Stuffed animal heads adorn the walls of Kunwar Vikram Jeet Singh’s mansion on the outskirts of Delhi, and he also owns a three-bedroom apartment in a gated condominium in the city. His children go to one of India’s most exclusive private schools. Yet Singh doesn’t pay income tax because he’s a farmer.
Singh is one of thousands of rich landowners who don’t need to pay taxes thanks to laws designed to help the hundreds of millions of poor farmers who scratch a living from India’s soil. The average Indian farmer has less than 2 acres (0.8 hectares) and most struggle to eat two meals a day. Singh’s family farm has 100 acres.
Worse still, some people are buying agricultural land to avoid paying taxes by declaring their earnings as returns from farming, opposition lawmaker Sharad Yadav told parliament in March. Citizens declared about $29 trillion worth of agricultural income in the year through March 2011. That’s almost 15 times the value of India’s economy.
The figure was the result of a Right to Information request by a former tax officer Vijay Sharma, who says the number is probably a computation error and should be closer to 1 percent of GDP or $20 billion. Several requests for clarification from the government have gone unheeded, which pushed him to approach the courts. In the nine years through March 2016, Indians declared $21 billion as agricultural income, according to provisional data from the Revenue Department. The confusion, however, underscores the fog of uncertainty surrounding the estimates.
“It’s a simple case of money laundering,” said Sharma, who served in the tax department for over four decades.
Responding to Yadav, Finance Minister Arun Jaitley said authorities are investigating tax evaders that include some “prominent names” and urged the opposition not cry “political victimization” when they are prosecuted. He didn’t name names.
The lost revenue is a blight in a nation where direct taxes as a share of the economy have fallen to the lowest in almost a decade, despite Prime Minister Narendra Modi’s pledge to crack down on tax evasion.
With so little revenue, the government is having to borrow a gross 6 trillion rupees ($89 billion) to help fund the government and finance spending on roads, ports, power plants and other public projects this fiscal year. The government should start taxing large farmers to reduce that debt burden, said Parthasarathi Shome, a former finance ministry adviser.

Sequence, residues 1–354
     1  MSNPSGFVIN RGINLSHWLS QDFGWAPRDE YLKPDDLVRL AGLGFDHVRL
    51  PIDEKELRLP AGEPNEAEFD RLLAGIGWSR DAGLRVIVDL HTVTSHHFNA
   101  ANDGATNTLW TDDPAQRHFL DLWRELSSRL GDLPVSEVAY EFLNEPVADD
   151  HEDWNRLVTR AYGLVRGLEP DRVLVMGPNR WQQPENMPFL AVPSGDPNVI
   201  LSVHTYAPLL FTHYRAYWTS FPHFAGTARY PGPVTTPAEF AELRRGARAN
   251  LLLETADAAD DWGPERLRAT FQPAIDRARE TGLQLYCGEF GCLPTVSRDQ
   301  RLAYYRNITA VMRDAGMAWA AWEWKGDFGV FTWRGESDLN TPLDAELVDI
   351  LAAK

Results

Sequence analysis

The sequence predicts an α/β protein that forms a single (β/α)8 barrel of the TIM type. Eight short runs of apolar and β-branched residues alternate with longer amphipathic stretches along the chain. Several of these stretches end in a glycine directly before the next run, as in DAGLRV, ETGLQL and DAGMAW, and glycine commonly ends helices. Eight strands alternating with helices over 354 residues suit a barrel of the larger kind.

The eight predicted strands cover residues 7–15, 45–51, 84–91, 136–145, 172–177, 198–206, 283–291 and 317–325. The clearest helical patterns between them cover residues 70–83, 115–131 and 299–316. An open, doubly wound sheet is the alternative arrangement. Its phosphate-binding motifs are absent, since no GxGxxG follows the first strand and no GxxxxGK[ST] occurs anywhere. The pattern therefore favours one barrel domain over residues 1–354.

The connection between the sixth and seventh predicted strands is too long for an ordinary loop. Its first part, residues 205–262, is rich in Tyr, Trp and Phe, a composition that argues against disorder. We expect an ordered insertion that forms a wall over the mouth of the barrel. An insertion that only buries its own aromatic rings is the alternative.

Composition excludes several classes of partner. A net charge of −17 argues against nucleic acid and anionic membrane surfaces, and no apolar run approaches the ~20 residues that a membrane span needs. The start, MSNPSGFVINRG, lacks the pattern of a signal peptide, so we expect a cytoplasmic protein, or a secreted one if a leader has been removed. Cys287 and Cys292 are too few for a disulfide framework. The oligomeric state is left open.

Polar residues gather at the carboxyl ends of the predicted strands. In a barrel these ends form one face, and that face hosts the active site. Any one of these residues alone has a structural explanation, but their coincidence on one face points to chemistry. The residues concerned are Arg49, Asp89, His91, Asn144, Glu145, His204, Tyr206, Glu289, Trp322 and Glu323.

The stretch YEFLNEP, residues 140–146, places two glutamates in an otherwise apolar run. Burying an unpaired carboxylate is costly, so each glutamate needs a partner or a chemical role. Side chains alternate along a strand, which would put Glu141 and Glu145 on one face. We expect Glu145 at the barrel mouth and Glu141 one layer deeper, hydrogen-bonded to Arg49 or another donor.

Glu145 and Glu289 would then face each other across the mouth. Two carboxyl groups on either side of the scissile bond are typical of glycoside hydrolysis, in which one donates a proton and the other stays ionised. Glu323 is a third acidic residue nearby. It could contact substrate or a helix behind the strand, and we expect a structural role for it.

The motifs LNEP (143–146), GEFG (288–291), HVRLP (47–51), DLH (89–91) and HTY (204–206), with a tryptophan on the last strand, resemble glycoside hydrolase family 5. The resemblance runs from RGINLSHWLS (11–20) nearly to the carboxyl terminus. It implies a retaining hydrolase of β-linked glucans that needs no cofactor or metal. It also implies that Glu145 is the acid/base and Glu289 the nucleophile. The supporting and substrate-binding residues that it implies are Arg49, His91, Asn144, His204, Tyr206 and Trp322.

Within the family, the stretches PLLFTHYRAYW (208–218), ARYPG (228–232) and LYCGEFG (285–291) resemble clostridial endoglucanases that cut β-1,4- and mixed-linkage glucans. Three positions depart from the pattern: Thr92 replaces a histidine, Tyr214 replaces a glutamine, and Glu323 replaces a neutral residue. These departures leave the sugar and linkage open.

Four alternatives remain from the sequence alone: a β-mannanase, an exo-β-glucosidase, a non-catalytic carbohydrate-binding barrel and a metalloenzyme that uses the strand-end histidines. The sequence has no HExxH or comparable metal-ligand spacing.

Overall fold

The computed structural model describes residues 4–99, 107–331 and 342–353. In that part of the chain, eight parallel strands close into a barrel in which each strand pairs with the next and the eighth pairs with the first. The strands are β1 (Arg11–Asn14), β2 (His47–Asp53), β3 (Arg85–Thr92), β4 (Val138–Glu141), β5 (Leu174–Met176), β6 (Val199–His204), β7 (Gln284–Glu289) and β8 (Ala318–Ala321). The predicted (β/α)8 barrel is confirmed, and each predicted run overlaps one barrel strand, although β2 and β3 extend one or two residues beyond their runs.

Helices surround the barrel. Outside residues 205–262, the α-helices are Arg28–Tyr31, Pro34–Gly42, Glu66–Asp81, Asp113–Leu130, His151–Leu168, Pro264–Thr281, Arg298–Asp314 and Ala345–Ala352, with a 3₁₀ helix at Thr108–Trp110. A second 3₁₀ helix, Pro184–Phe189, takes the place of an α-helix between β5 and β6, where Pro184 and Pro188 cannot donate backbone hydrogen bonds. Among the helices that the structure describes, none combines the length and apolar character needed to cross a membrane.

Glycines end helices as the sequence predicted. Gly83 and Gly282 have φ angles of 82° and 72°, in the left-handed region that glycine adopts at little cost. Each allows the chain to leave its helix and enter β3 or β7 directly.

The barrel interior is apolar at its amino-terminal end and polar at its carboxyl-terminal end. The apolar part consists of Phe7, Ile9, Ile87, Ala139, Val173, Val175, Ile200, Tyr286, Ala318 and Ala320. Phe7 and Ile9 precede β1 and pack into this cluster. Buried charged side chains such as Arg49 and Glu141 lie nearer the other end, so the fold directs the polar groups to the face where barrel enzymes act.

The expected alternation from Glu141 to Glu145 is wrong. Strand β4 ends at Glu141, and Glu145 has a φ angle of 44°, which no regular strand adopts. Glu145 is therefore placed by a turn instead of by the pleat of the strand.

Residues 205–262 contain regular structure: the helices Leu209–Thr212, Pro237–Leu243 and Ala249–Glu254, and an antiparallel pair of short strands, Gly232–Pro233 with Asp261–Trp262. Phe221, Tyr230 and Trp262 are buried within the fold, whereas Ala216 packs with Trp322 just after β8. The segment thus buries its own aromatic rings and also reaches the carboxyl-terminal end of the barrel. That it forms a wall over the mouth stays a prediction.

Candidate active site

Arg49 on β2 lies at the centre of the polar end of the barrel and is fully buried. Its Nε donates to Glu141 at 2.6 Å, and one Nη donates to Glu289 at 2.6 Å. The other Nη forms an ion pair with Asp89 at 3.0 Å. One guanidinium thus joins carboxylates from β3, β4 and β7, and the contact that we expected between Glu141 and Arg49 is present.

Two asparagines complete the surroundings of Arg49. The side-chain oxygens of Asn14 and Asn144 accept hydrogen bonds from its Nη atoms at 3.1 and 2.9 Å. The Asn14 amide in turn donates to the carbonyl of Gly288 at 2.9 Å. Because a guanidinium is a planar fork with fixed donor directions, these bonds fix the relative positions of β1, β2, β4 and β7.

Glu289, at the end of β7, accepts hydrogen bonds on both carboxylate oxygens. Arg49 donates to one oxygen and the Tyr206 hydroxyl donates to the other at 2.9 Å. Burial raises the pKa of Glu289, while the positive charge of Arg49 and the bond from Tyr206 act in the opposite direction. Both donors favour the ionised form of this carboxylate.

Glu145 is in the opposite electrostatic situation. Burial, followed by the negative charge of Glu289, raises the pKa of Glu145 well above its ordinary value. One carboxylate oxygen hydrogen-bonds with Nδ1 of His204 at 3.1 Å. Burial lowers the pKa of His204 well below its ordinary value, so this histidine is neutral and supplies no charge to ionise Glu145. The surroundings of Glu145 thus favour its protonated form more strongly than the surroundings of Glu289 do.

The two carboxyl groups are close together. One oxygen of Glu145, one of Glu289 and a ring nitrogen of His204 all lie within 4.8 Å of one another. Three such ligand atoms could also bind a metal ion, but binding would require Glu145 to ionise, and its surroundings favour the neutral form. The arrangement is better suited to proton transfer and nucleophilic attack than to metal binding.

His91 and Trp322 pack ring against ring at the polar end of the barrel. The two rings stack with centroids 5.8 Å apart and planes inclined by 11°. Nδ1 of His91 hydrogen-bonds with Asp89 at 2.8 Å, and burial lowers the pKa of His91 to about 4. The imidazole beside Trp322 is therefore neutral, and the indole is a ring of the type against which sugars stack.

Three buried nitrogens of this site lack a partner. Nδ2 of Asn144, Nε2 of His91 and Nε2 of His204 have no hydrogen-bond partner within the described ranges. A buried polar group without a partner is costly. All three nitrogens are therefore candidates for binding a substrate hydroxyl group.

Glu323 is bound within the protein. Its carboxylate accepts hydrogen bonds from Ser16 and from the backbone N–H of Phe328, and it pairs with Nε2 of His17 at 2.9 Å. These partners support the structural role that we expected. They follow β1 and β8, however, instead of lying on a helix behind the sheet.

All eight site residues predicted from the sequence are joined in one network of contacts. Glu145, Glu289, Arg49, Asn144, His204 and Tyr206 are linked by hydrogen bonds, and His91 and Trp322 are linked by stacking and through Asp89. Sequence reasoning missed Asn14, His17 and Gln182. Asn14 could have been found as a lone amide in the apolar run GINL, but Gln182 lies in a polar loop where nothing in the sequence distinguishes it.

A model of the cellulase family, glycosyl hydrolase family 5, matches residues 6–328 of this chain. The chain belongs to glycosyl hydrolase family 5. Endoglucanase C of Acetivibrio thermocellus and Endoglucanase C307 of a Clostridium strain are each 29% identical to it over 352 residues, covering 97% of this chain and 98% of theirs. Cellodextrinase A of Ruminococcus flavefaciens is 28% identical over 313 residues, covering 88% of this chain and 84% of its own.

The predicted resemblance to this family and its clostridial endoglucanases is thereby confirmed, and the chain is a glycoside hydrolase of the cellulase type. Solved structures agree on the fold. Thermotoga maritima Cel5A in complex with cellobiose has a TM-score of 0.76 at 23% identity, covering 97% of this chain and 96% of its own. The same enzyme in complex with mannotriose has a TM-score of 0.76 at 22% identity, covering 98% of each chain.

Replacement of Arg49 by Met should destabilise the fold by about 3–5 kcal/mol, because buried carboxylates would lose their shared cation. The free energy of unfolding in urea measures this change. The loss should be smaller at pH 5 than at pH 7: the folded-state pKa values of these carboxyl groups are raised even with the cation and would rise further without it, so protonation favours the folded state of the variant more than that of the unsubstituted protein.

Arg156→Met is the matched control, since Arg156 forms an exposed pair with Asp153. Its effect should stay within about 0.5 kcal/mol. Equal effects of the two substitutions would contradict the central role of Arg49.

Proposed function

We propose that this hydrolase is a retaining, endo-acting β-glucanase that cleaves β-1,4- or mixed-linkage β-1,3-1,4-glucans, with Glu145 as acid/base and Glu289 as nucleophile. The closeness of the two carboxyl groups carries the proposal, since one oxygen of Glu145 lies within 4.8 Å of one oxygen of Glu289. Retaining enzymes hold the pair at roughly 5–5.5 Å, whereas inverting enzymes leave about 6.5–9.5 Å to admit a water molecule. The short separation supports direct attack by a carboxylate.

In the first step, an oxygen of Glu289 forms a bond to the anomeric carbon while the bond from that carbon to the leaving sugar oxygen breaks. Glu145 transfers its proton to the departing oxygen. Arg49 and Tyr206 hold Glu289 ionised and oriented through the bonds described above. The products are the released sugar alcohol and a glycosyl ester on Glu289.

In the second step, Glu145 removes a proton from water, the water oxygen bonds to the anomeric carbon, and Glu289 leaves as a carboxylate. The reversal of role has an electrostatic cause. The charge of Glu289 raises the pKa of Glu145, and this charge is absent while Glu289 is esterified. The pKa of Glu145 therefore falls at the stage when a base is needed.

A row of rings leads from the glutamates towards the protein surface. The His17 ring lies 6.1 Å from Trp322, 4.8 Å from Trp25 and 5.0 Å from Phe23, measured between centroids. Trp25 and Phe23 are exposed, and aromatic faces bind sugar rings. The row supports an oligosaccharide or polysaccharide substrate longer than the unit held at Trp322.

“It is a question of equity,” said Shome, who also served as the chief of tax policy at the International Monetary Fund in the 1990s. “There are top-of-line farmers who are well protected by incentives and it is high time that we start thinking of taxing them.”
Jaitley has ruled out imposing income tax on farmers, most of whom struggle to even feed their families from their small plots. Almost 12,500 farm workers committed suicide in 2014, junior Agriculture Minister Mohanbhai Kundariya said in April.
And taxing rich farmers is politically dangerous. Many leaders across the political spectrum come from a farming background and have considerable land holdings.
So measures to help the 833 million people who live in villages in India also benefit landowners like Singh. He can buy fertilizer at reduced rates, a subsidy that costs the government about $10 billion a year nationally, more than it spends on healthcare or higher education. Farmers also get cheaper electricity than factories or homes. Some states, like Punjab and Tamil Nadu, offer power virtually for free.
“Most of the benefits of fertilizer subsidy and minimum support price go to farmers who have irrigation facilities and that are mostly large farmers,” said Ajay Vir Jakhar, Chairman of Bharat Krishak Samaj, a farmer’s lobby group. “Even the way support price mechanism is designed, it benefits the larger farmer as they have larger surplus to sell.”
The federal government, the single biggest buyer of food crops, purchases cereals such as rice and wheat at guaranteed prices from farmers and sells grain to the poor at subsidized rates through a chain of fair-price shops across the country.
Such largesse hampers India’s fight to curb Asia’s widest budget deficit, control inflation and win faster interest rate cuts from the central bank. The combined federal and state fiscal situation is a key impediment to a rating upgrade even as Modi pledged to narrow the federal budget gap to a nine-year low of 3.5 percent of GDP this year.
Singh says he would pay tax if the government provided modern irrigation facilities to farmers and ensured regular supply of electricity instead of providing cheap power at odd hours when demand from industry ebbs.
“A farmer doesn’t mind paying income tax provided he gets the right amount for his produce,” said Singh, wearing Levi’s jeans and gemstone finger rings, while peacocks wandered across the lawn of his house in Hapur. The land adjoining the property, with mango orchards and sugar cane, has been farmed by his family for generations. “The only difference between me and a small farmer is that I don’t have to worry about my next meal.”
In the February budget, Jaitley promised to double farmers’ incomes and proposed a laundry-list of measures—more rural roads and irrigation, better management of groundwater, more organic farming, modern wholesale markets, increased credit and improved crop insurance.
Such measures also tend to benefit larger landowners more than poor farmers. States like Punjab and Haryana, where farms tend to be larger, get the lion’s share of handouts and boast modern irrigation systems for over 80 percent of cultivated land.
“The large farmers are clearly gaining,” said Shweta Saini, a consultant at the Indian Council on Research on International Economic Relations, a Delhi-based think tank. For smallholders, “whatever you are producing, you are eating.”
—With assistance from Vrishti Beniwal.